(Source: Al Jazeera) –
Ethiopian Prime Minister Abiy Ahmed admitted Tuesday that troops from neighbouring Eritrea were present during the five-month old conflict in the troubled northern Tigray region and suggested they may have been involved in abuses against civilians.
Abiy said that Eritrean troops had entered along the border because they were concerned they would be attacked by Tigrayan forces, adding that the Eritreans had promised to leave when Ethiopia’s military was able to control the border.
The admission comes after months of denials from Addis Ababa and Asmara, and accusations from rights groups and residents mounted that Eritrean soldiers have carried out massacres in Tigray.
In a wide-ranging speech to parliament, Abiy said the “Eritrean people and government did a lasting favour to our soldiers”, during the conflict, without giving more details.
“However, after the Eritrean army crossed the border and was operating in Ethiopia, any damage it did to our people was unacceptable,” he said.
“We don’t accept it because it is the Eritrean army, and we would not accept it if it were our soldiers. The military campaign was against our clearly targeted enemies, not against the people. We have discussed this four or five times with the Eritrean government.”
Abiy’s comments came after he said atrocities were committed in Tigray, where fighting persists.
It is the first time Abiy appears to acknowledge that serious crimes have taken place in Tigray, home to six million people.
“Reports indicate that atrocities have been committed in Tigray region,” Abiy told lawmakers in the capital, Addis Ababa, earlier on Tuesday.
War is “a nasty thing”, he said, speaking the local Amharic language. “We know the destruction this war has caused.”
Fighting erupting in Tigray after forces loyal to the regional government – the Tigray People’s Liberation Front (TPLF) – attacked army bases across the region overnight and in the early hours of November 4.
The attacks initially overwhelmed the federal military, which later launched a counter offensive alongside Eritrean soldiers and forces from the neighbouring region of Amhara.
He said soldiers who raped women or committed other war crimes will be held responsible, even though he cited “propaganda of exaggeration” by the TPLF, the once-dominant party whose leaders challenged Abiy’s legitimacy after the postponement of elections last year.
Abiy spoke as concerns continue to grow over the humanitarian situation in the embattled region where the conflict began in November last year when Abiy sent government troops into the region following an attack on federal military facilities.
The federal army is now hunting the fugitive regional leaders.
Abiy accused the embattled region’s leaders of drumming “a war narrative” while the area faced challenges such as a destructive invasion of locusts and the COVID-19 pandemic.
“This was misplaced and untimely arrogance,” he said.
The Ethiopian prime minister, who won the Nobel Peace Prize in 2019 for his efforts to make peace with Eritrea, faces pressure to end the conflict in Tigray as well as to institute an international investigation into alleged war crimes.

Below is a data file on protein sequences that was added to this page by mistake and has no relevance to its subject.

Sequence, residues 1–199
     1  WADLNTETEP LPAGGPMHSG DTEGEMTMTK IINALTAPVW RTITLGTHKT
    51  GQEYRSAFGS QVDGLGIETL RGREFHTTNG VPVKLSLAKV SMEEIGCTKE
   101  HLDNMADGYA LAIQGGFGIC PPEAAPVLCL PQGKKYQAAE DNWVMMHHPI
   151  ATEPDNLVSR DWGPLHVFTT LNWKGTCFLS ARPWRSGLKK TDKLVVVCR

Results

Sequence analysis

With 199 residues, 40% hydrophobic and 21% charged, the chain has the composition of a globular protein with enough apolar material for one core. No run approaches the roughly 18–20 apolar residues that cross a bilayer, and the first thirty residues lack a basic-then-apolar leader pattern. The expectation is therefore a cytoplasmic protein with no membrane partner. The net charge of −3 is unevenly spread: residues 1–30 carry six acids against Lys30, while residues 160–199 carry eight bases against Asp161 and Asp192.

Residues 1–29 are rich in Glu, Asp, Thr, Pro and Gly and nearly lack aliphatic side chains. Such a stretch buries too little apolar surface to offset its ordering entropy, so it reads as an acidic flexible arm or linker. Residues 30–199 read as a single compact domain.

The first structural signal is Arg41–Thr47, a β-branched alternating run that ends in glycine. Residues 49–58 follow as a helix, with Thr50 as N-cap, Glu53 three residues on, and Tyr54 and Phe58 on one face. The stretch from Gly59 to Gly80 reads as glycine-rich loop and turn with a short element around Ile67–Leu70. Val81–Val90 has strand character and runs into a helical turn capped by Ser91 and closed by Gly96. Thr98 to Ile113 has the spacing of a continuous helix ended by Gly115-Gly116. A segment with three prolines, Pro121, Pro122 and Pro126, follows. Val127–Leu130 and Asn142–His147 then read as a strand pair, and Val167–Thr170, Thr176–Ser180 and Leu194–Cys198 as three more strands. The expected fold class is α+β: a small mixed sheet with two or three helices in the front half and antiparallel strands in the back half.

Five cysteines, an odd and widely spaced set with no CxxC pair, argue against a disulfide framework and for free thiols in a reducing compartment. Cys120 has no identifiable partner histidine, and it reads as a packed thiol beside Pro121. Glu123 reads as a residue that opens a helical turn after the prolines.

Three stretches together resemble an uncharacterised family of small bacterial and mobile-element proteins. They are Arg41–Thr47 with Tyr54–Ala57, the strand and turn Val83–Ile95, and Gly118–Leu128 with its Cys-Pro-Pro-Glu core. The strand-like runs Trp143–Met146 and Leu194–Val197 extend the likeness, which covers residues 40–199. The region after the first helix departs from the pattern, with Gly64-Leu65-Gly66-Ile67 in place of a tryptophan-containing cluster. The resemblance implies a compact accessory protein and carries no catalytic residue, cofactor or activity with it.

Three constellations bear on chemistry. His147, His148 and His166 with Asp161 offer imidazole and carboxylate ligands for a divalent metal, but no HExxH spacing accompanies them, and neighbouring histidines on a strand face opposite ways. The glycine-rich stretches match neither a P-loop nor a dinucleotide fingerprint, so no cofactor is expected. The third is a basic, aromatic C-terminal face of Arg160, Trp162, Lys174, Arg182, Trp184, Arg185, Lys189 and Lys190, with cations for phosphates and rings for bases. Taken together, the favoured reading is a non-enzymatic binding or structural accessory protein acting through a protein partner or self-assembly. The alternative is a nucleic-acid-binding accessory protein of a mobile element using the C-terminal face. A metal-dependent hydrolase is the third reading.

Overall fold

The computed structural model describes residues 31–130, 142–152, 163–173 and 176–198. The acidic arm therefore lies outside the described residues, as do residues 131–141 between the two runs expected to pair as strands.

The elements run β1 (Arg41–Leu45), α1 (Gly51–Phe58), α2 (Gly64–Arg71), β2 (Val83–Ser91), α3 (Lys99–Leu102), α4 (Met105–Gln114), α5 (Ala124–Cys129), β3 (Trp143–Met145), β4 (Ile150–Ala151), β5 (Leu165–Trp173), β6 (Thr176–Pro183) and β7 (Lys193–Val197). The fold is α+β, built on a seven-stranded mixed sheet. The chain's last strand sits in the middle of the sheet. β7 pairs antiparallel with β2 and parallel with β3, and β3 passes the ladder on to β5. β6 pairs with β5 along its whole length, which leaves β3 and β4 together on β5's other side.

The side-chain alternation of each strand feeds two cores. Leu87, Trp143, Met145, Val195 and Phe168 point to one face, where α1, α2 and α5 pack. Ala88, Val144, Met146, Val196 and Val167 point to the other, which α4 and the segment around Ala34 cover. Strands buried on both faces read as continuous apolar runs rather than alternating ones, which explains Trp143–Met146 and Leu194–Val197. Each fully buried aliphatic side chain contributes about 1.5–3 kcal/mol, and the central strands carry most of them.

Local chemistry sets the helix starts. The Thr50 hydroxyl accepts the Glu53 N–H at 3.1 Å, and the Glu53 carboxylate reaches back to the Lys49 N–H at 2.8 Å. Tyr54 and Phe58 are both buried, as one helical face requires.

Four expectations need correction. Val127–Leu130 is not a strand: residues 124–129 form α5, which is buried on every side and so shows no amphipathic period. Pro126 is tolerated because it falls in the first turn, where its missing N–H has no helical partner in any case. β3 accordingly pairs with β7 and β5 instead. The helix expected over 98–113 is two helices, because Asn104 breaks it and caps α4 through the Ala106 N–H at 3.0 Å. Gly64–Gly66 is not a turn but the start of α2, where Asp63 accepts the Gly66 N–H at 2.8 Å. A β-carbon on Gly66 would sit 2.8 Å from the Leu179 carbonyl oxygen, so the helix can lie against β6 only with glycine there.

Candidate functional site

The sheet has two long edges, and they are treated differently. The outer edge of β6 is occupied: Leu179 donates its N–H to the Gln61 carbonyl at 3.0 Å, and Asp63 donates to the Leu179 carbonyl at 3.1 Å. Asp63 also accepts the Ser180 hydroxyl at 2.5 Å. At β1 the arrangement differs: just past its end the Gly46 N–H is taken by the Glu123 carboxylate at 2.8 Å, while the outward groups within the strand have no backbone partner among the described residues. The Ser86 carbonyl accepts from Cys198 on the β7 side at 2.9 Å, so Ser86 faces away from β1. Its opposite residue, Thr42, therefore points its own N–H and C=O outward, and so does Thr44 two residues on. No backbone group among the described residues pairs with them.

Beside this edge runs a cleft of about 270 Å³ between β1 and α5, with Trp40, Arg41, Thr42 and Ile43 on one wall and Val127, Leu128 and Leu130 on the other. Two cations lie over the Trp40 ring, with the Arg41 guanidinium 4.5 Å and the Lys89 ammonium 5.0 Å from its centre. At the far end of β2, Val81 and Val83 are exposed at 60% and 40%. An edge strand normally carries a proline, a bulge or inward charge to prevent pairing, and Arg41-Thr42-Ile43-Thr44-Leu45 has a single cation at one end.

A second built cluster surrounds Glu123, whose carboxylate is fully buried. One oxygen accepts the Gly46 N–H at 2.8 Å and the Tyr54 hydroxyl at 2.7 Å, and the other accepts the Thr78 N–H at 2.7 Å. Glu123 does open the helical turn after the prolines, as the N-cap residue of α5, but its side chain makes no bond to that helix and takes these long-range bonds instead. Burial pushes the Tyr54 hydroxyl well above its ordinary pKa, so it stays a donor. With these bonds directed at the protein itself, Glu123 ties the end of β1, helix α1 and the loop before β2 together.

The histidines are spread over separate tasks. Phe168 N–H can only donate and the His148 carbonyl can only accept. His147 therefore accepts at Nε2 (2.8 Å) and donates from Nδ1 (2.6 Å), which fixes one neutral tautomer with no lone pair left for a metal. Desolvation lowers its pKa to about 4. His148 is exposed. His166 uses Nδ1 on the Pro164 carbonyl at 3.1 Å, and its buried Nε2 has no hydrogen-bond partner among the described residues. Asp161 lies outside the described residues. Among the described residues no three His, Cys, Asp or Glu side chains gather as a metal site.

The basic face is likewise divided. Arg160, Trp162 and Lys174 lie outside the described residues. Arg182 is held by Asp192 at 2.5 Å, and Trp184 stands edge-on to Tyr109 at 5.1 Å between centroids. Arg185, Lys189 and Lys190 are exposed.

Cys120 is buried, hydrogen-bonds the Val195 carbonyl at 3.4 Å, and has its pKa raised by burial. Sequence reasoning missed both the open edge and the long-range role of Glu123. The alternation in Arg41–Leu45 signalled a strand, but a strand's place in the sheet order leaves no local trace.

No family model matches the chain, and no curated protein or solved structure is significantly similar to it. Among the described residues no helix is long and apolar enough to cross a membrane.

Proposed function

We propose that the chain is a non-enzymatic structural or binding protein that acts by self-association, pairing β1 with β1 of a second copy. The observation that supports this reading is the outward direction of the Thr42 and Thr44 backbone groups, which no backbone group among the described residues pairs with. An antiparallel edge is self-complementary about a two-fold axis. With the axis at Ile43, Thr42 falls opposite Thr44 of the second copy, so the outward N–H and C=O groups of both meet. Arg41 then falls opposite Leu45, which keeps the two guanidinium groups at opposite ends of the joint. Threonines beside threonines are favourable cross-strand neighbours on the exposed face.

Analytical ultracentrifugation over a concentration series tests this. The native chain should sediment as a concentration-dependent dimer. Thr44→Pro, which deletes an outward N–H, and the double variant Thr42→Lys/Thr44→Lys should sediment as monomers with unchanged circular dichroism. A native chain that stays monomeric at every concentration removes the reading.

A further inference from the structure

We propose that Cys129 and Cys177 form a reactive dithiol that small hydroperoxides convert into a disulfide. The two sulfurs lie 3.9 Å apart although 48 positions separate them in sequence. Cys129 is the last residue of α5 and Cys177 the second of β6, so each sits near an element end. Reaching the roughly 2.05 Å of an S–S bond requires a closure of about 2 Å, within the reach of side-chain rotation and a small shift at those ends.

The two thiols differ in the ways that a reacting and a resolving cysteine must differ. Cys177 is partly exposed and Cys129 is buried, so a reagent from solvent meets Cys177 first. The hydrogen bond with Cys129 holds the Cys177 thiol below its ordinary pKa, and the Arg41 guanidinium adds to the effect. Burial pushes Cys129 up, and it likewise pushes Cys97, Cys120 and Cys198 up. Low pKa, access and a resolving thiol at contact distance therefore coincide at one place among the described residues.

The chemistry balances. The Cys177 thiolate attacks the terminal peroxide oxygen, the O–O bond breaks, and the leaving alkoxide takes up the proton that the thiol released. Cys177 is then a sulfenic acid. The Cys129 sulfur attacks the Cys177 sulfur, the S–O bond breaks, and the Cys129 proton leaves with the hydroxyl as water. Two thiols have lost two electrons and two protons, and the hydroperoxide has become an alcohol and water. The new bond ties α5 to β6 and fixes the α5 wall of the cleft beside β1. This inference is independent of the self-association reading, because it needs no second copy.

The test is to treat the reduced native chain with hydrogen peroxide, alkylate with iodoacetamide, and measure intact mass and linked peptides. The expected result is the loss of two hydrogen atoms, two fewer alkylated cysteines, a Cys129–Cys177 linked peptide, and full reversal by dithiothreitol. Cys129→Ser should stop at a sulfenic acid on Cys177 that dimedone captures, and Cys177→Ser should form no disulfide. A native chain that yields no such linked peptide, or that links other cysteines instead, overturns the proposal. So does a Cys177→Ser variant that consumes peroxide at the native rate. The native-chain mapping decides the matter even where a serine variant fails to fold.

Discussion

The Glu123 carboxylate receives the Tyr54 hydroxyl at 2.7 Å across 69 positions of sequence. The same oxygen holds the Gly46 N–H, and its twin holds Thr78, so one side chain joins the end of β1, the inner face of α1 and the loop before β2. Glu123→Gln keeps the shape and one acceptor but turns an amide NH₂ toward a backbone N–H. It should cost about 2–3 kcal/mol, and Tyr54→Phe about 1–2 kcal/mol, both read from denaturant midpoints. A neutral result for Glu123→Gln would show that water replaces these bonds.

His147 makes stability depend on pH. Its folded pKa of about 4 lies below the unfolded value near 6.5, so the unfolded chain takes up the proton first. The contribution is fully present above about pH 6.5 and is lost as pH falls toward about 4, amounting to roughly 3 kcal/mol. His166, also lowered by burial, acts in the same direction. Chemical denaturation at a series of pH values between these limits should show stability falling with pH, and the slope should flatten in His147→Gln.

The government’s critics say an ongoing federal probe is not enough because the government cannot effectively investigate itself.
On Monday, the heads of nine UN agencies and other officials demanded a halt to attacks against civilians in Tigray, “including rape and other horrific forms of sexual violence”.
In a joint statement, the UN agencies, the UN special investigator on the human rights of internally displaced people, and two umbrella organisations representing NGOs also called on all parties in Tigray to explicitly condemn all sexual violence and ensure their forces “respect and protect civilian populations, particularly women and children, from all human rights abuses”.
UN deputy spokesman Farhan Haq said on Monday the conflict continues to drive massive displacement, with tens of thousands of people arriving into Shire, Axum and Adwa, most fleeing fighting in western Tigray in the last few weeks.
There are also reports of people uprooted by violence in the northwest and central areas, he said.
Earlier this month, Human Rights Watch reported that Eritrean forces shot dead hundreds of children and civilians in a November massacre in Tigray.
An Amnesty International investigation into the same events detailed how Eritrean troops “went on a rampage and systematically killed hundreds of civilians in cold blood”.
UN Secretary-General Antonio Guterres joined calls for the Eritrean troops to leave Tigray while the UN human rights chief, Michelle Bachelet, urged an investigation into the situation.
(Source: Eritrea Hub) –
Prime Minister Abiy Ahmed’s shift from “law enforcement operation” to “war” in Tigray
It is worth recalling that when the Tigray war began in November 2020, and Prime Minister Abiy denied that it was any such thing. Instead, as he told Ethiopians in a Tweet, the fighting was a “law enforcement operation” that would “wrap up soon”.
Five months later the situation looks rather different, with Abiy accepting that he is engaged in a war in Tigray. “We know the destruction this war has caused,” he said.
(see the Al-Jazeera report above.)
A complaint letter written 22 March 2021 from the Eritrean Embassy in London to Channel 4 Chief Executive shows that the Eritrean government denial of Eritrean troops in Tigray. On the other hand, on 23 March 2021, Prime Minister Abiy Ahmed admitted the presence of Eritrean troops in Tigray, and atrocities are committed against civilians.